06 Apr Major Donor Game Plan: Report
Bang for the Buck: Report How You Used Your Donors’ Money
Major Donor Game Plan has been sold and distributed far and wide – in the USA, Canada, Central America, Africa, the Middle East, the UK, China, and Australia. In it I simplified, “Moves Management” into 6 R’s: (1) Research, (2) Relationship, (3) Request, (4) Recognition, (5) Recruitment and (6) Report.
In our information age, it should be easy to honor our ministry partners by reporting how we invested their money to change lives. They deserve to know what difference their contributions made for eternity. It sounds simple, but why does it seem difficult to accomplish? Here are a few tips for better donor accountability.
Make your impact report easily accessible. Donors shouldn’t have to search your annual report or some other document to uncover your annual, capital, and endowment campaign results. Make it personal! You’ve already thanked them for their gift (Recognize), now use a personal donor touch to report back the great things they accomplished. Donors love “bang for the buck.” Share specific results: lives changed, new programs, new buildings, new opportunities. You don’t report just to receive another gift, but if you report well you will very likely set the table for their next gift. If you don’t report well, you might not see another gift.
Focus on What God is Accomplishing
In Jesus’ parable of the talents, the landowner summoned his stewards to account for how they invested his money. Reporting to donors is an exercise in accountability as you share how you managed the resources entrusted to your care. Your organization must demonstrate financial integrity. Giving a donor update should have a different feel. Donor reports are more than numbers. Ultimately, it’s not just about what the donors gift accomplished, or even how you used the gift, your report should focus on what God is accomplishing in your ministry. Make certain your donor update/report reflects all the praise to God. When Paul and Silas returned from their first missionary journey, “they gathered the church together and reported all that God had done through them and how He had opened the door of faith to the Gentiles” (Acts 14:27). That’s a great pattern for us.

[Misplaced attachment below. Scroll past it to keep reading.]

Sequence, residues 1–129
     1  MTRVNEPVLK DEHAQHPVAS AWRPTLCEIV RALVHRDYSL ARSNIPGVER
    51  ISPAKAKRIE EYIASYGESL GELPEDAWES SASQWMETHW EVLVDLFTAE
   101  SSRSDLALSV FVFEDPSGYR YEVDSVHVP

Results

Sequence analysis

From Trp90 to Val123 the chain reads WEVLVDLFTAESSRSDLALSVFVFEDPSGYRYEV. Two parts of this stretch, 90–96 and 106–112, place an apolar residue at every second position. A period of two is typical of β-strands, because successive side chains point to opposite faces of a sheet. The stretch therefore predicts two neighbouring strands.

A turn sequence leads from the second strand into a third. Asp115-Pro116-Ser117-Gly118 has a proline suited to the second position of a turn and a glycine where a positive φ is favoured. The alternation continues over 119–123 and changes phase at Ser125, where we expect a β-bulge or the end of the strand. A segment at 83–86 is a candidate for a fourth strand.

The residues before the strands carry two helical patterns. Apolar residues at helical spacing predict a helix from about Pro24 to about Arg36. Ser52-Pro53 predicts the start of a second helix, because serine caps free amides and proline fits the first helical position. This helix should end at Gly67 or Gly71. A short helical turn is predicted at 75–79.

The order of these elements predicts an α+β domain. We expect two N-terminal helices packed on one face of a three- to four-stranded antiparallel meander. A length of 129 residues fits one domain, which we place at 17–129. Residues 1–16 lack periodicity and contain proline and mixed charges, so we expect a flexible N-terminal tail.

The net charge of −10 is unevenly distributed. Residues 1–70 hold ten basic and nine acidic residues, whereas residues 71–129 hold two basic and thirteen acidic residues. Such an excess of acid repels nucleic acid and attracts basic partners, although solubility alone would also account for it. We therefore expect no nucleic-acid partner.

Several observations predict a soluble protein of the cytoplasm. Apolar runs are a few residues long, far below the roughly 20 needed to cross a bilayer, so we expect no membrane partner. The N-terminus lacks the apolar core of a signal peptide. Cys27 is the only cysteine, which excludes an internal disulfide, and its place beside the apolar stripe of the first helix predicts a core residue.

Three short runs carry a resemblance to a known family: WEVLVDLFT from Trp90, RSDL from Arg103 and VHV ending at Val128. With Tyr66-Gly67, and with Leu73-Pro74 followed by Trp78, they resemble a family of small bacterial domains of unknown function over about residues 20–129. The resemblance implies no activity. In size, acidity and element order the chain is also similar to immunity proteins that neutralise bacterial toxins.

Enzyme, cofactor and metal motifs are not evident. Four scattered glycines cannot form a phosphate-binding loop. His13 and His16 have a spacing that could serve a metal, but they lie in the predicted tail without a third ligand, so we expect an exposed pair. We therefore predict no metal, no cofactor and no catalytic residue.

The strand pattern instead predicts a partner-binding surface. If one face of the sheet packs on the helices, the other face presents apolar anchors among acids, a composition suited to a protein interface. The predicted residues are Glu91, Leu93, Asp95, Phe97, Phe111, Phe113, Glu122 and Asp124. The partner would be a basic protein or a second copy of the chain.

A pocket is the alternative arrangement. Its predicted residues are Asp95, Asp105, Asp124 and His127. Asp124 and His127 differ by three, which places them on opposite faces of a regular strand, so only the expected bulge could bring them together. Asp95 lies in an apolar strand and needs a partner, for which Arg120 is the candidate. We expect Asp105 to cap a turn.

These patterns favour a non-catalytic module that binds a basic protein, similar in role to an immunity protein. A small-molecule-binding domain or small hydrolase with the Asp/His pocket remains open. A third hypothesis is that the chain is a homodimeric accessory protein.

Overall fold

Praise and Prayer
Too often our fundraising plans focus on how the donor can help our ministry and not how our ministry can help the donor. We see the gift as a one-way transaction from their DAF, wire transfer, or checkbook to our budget, but that is a shortsighted perspective. Praise your ministry partners. Say thanks for their investment in your ministry. Paul reminds us that the receiver should overflow with thanksgiving, rejoicing, and offering prayers for those who gave. When you report, thank your donors, share your prayer requests, and ask for theirs.
It’s a Two-Way Street
Fundraising is built on solid relationships. Reporting helps you drill deeper with your ministry partners. Some ministries act like a freshman in college, they only call home when they are out of cash. Don’t be that organization. Love your donors by reporting the eternal difference their generous gifts are making in your organization. Share stories of evangelism, discipleship, mercy ministries, education, homeless impact, children, food, clothing, and shelter. There’s a story behind each of those ministries waiting to be shared. The miracle of a changed life is the greatest story to report.
Solomon said it best, “Like cold water to a weary soul is good news from a distant land” (Prov. 25:25). What cup of cold water will you share with your key donors this week?
About the Author: Pat McLaughlin President/Founder – Pat started The Timothy Group in 1990 to serve Christian ministries as they raise money to advance their missions. TTG has assisted more 1,800 Christian organizations around the world with capital, annual, and endowment campaigns. More than 25,000 of Pat’s books, Major Donor Game Plan, The C Factor: The Common Cure for your Capital Campaign Conundrums, and Haggai & Friends have helped fundraisers understand the art and science of major donor engagement. Pat makes more than one hundred major donor visits annually and provides counsel to multiple capital campaigns.